It’s interesting that Luke does not describe the moment of their dramatic healing. Instead, Luke says that Jesus simply told them to go show themselves to the priest to verify their healing. And Luke writes that as they wentthey were made clean. In other words, it was in their movement, in putting feet on their faith, that they were transformed.
Now I imagine that when they realized what had happened to them, they were overcome. And I imagine that adrenaline kicked in and that they ran as fast as they could toward their restored lives. They ran to the priest. And they ran home and embraced their children. They sat down to a meal with their extended families. They slept in tangled with their spouses. Oh, I would have run back home too. I would have never looked back, for fear that it was all too good to be true.
But one of them did. One of them actually stopped and paused. This one, turned around and looked for Jesus. And Luke reports that, understanding what had happened to him and who had made it possible, he began to praise God with a loud voice and prostrated himself at Jesus’s feet and thanked him. And then Luke adds this explosive throwaway line: “And he was a Samaritan.”
And here the story loses all sentimentality we might heap upon it, and it becomes subversive, because everyone hated Samaritans. In a modern retelling, Jesus might say that the one who returned to give thanks was a Muslim Uber driver or an undocumented restaurant worker or a bullied transgender teen. Like those folks, Samaritans were despised because they were the wrong kind of people. But Luke makes this double outcast – a Samaritan and a leper – the hero of the story.
Then Jesus said something rather odd. Maybe it was tongue in cheek; said with a twinkle in his eye: “Where are the other nine? Is it only this foreigner who has returned to give thanks and praise?” Then he looked at the restored man and said: “Get up, sir. Go on now, and enjoy your life, sir. Your faith has made you well, sir.”
“Your faith has made you well.” And at this point, Jesus was no longer just talking about the man’s physical healing because the Greek word for “well” changed to “sozo” implying not just physical health, but overall wholeness, completion, salvation. So, what had changed in this man between his healing and his running back to Jesus that saved him? It was gratitude, given space to grow because he stopped and considered the source of the gift.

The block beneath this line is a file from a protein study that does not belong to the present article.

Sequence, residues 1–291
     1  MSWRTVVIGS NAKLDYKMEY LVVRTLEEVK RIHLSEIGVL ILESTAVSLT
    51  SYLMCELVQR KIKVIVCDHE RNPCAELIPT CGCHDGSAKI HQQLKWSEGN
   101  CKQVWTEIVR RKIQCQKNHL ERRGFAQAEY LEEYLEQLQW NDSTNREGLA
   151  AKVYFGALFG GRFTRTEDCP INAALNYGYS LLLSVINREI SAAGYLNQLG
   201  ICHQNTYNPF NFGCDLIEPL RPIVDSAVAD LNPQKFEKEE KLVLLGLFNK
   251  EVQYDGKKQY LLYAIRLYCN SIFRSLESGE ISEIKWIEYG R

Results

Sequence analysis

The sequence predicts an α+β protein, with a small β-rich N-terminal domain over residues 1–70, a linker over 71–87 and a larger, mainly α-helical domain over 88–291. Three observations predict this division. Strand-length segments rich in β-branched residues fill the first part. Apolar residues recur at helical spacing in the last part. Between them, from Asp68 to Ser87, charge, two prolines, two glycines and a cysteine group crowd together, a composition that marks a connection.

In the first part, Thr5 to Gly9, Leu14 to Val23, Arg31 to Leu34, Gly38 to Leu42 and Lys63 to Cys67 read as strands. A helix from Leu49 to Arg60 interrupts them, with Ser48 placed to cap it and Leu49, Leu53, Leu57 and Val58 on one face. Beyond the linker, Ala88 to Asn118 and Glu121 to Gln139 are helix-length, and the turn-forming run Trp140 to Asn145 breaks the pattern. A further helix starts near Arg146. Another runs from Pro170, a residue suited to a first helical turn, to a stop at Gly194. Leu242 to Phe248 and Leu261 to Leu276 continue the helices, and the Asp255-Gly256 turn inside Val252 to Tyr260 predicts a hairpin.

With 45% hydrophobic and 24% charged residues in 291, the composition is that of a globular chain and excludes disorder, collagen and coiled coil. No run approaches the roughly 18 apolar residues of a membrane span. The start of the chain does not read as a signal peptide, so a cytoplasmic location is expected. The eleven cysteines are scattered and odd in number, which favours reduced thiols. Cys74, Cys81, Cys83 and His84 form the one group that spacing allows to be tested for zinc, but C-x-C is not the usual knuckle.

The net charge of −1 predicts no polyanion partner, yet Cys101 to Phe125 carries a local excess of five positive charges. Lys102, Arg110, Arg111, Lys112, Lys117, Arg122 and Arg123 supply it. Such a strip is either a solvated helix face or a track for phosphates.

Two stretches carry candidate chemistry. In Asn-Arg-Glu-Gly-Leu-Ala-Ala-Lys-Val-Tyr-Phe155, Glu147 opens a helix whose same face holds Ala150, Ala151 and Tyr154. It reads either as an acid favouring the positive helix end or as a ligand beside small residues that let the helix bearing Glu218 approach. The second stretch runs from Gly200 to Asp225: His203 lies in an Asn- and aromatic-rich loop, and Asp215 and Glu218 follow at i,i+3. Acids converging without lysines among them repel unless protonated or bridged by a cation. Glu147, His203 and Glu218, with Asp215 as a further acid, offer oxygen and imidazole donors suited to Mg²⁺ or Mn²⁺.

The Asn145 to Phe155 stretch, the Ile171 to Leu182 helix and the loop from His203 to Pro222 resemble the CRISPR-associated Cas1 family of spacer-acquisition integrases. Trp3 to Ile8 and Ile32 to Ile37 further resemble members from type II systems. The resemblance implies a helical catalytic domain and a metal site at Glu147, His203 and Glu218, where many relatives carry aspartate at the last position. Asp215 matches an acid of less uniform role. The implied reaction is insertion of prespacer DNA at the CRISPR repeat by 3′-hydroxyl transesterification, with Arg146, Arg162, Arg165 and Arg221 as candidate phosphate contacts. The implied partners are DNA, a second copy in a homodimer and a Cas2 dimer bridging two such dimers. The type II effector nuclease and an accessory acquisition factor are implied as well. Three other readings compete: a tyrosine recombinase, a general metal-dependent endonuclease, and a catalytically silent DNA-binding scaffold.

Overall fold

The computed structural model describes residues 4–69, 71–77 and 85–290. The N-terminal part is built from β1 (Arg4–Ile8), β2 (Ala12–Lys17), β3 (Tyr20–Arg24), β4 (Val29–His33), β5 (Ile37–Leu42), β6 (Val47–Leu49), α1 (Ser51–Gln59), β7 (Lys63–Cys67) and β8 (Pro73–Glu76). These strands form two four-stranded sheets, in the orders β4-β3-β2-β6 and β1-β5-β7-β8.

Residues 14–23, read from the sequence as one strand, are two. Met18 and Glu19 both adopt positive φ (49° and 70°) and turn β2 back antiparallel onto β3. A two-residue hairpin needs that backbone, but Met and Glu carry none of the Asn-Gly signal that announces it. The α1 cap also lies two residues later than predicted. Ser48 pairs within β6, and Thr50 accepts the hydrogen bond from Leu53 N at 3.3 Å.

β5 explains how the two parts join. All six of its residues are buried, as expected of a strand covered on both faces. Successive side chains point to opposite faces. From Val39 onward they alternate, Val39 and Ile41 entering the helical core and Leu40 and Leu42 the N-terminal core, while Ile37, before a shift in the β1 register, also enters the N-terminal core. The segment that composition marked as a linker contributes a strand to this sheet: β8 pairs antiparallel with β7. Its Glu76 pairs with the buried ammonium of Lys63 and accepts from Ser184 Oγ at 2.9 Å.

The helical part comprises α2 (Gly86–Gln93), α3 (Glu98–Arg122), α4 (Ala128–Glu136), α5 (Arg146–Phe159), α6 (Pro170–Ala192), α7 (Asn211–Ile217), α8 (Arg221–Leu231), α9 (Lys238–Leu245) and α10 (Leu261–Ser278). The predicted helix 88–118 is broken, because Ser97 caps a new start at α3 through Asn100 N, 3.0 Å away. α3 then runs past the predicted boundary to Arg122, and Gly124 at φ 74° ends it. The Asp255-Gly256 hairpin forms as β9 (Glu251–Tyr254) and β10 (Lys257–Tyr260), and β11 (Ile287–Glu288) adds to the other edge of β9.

I think I got a little of that “sozo” myself when I wrote my icon of the Angel Gabriel; and as I sat in the chapel and listened to the ancient Psalms, and tasted every morsel of food, and was astonished by the sunrise over the Hudson. I was open to gratitude.
You don’t need a trip to a monastery to learn to be open to the miracles that surround us. You just have to slow down and stop long enough to see them. – So, let’s try. Take a look around at this incredibly beautiful room, imbued as it is, with the spiritual energy of 200 years of human joy and sorrow: thousands of baptisms and weddings and funerals; thousands of hymns and sermons and prayers. Isn’t that something? - And if you felt any gratitude for that, we just added a layer of paint to our icons.
And then there are the people in this room right now: to your right and to your left, behind you and in front of you. There is the soft sound of their breathing, and the rhythm of their hearts; the vibrant color of the clothing, the dreams and hopes and wishes inside each of these children of God. And if that makes you thankful, we then, there’s another layer.
And let’s pause for just a moment to consider that somehow this congregation weathered the storm called Covid so much better than most. We are still strong and vibrant and hopeful about our future, and about this church’s ministry to people outside our walls. And there’s another layer.
And now let’s think of all those who will come after us; who will stand on our shoulders; who will think of us and be grateful that we were here; that we were generous; that we laid a foundation for this congregation’s 4thcentury of service for Jesus Christ. And we layer on more love and more hope and more faith and more gratitude, until lo and behold, we too have created a thing of beauty; an icon of gratitude to the One whose faithfulness is new every morning.
Thanks be to God. Amen.